Your body needs some cholesterol. But if you have too muchof the wrong kindit starts to build up in your arteries. Cholesterol is produced naturally by the liver, and also comes from eating certain foods, such as eggs and red meat. Too much of the bad kind, LDL cholesterol, raises your risk of heart disease, stroke, and other conditions. Low levels of the good kind, HDL cholesterol, can have the same effect.
Cholesterol Is Not Your EnemyYou can keep your cholesterol under control with diet and exercise, or with the right medication. Learn more about how cholesterol works and how you can keep your heart, mind, and body healthy by controlling cholesterol.
By Dennis ThompsonHealthDay Reporter MONDAY, July 21, 2014 (HealthDay News) — Despite recent advances in preventing heart attacks among U.S. seniors, those gains don’t seem to have occurred among middle-aged adults — especially women, a new study reports. Heart attack hospitalization rates among young and middle-aged adults have remained stable during the previous decade, even as seniors [...]
THURSDAY, July 17, 2014 (HealthDay News) — Being a couch potato may have fewer long-term health consequences if you trade some of your couch time for gym time, suggests a new study. The research found that people who were more fit were able to counter some of the ill health effects of a sedentary lifestyle, such [...]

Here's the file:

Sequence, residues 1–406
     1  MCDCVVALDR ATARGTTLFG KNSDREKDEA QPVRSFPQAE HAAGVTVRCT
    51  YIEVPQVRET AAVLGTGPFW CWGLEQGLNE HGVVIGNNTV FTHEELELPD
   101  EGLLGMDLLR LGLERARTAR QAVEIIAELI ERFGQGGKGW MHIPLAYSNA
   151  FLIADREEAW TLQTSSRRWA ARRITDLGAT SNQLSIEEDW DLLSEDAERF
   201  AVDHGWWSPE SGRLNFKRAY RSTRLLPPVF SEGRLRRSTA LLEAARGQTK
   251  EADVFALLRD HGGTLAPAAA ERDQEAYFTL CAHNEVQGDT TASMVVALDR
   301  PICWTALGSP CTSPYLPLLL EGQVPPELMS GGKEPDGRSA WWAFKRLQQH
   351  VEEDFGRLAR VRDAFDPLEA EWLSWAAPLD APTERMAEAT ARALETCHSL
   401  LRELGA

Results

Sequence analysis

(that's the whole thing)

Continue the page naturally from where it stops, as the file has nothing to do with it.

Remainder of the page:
By Dennis ThompsonHealthDay Reporter WEDNESDAY, July 16, 2014 (HealthDay News) — Niacin, a commonly used cholesterol treatment, doesn’t reduce the risk of heart attack or stroke in people with hardened arteries. What’s more, the drug appears to have dangerous side effects, including a potential increased risk of death, according to new research. A large-scale clinical trial found [...]
MONDAY, June 23, 2014 (HealthDay News) — People who have heart disease or diabetes, the overweight or obese and former smokers are most likely to keep taking cholesterol-lowering statins, a new study finds. Previous research has shown that as many 46 percent of patients who are prescribed statins stop taking them. Nearly one in 10 [...]
THURSDAY, June 12, 2014 (HealthDay News) — Low cholesterol levels may increase kidney cancer patients’ risk of death, a new study suggests. The findings indicate that cholesterol testing may help guide treatment for kidney cancer patients, the study authors said. They analyzed cholesterol levels in 867 kidney cancer patients before they had surgery for their cancer and [...]